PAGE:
British Queen discharged from hospital after one-night stay
London: Britain's Queen Elizabeth II was on Monday discharged from a hospital here after being treated for symptoms of gastroenteritis.
She was expected to stay for a couple days but spent just 24 hours at King Edward VII's Hospital after being admitted on yesterday afternoon.
The British monarch, dressed in a red coat, appeared relaxed and smiled as she walked to her waiting Bentley outside the hospital in central London. She is now likely to spend time convalescing at Windsor Castle.
Her next public outing is scheduled to be next Monday, when the Queen will carry out a day of Commonwealth-related engagements, including a service at Westminster Abbey where she will address a 2,000-strong congregation.
In keeping with her stiff upper lip approach to life, the 86-year-old had insisted the rest of the royal family carry on with their official duties while she was in hospital ? her first visit in nearly a decade.
She did not wish to "inconvenience" staff at the hospital by having to make arrangements for royal visitors and wanted to keep her hospital stay "as low key as possible".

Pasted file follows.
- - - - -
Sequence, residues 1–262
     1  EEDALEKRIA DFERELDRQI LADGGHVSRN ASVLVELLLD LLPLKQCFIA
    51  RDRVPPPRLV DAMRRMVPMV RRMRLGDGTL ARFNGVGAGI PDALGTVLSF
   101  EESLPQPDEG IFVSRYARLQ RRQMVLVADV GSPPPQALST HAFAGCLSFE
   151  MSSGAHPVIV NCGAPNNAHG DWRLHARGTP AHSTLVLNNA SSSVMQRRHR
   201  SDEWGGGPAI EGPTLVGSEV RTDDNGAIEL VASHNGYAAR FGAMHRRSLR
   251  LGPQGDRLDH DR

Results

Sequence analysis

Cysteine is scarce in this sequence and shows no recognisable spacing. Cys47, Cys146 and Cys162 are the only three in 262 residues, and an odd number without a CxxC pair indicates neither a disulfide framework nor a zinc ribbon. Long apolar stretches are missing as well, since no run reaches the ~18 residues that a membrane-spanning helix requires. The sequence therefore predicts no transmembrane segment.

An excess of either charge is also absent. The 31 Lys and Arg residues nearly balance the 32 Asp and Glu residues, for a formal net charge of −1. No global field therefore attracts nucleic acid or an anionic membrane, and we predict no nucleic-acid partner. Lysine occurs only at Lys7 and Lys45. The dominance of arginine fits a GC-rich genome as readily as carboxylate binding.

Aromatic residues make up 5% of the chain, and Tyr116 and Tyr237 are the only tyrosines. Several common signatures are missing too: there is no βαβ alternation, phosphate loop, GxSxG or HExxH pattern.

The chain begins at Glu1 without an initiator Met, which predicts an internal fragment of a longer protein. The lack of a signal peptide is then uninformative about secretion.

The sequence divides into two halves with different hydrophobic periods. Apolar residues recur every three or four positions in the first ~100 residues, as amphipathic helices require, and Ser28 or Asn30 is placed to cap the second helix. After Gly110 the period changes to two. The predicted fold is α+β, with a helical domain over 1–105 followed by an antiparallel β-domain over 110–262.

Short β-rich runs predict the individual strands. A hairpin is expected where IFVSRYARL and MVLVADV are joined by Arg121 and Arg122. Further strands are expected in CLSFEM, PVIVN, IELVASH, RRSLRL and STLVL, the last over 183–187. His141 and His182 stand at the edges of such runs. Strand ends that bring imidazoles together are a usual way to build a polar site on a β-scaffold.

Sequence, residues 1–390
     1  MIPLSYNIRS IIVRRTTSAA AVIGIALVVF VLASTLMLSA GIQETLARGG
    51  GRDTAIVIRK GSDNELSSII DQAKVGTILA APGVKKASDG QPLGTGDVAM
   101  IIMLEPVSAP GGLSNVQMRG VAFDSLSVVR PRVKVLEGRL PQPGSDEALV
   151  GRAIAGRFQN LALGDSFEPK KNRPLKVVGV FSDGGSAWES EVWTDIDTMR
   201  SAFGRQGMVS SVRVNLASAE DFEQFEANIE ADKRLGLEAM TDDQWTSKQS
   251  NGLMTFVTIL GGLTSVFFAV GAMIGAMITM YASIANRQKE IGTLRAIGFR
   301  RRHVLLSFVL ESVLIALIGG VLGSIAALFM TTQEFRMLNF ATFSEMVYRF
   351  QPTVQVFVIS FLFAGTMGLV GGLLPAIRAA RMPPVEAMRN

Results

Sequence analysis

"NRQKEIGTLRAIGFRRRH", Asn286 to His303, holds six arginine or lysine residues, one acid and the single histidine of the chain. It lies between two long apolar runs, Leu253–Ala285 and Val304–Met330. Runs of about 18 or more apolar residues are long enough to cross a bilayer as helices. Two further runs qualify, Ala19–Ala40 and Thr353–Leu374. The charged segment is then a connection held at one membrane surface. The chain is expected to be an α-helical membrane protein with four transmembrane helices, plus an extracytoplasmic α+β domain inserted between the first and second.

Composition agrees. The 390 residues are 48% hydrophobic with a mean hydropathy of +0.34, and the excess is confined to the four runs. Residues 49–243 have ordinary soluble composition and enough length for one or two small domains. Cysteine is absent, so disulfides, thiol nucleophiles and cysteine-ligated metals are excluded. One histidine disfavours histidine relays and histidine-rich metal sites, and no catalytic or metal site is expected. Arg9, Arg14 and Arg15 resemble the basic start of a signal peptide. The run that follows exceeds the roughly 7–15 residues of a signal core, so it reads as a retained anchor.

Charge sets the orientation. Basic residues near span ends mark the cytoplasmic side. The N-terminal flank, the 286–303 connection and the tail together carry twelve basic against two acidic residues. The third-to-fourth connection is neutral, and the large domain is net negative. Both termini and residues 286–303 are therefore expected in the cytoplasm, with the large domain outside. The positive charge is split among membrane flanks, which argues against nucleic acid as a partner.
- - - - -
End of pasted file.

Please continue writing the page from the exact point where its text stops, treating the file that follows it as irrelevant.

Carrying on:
Buckingham Palace had said the Queen had been admitted as a precaution and was otherwise in "good health and good spirits".
All official engagements for this week, including the Queen's trip to Rome, have either been cancelled or postponed.
News of her illness first emerged on Friday night when she cancelled a trip to Swansea on Saturday to mark St David's Day in a military ceremony. She was taken to the hospital from Windsor Castle, using a private car rather than an ambulance, and walked to and from the car without help.
According to royal sources, the Prince of Wales and the Duchess of Cornwall, who spent the weekend in Wales, and the Duke and Duchess of Cambridge and Prince Harry, who were in Switzerland at the weekend for a friend's wedding, are being kept updated on her health.
The Queen, who turns 87 next month, was last admitted to hospital in December 2003 for a scheduled operation on her knee. Her treatment, which has not been disclosed, was expected to include rehydration and tests to establish if the illness has been caused by an infection or an underlying problem.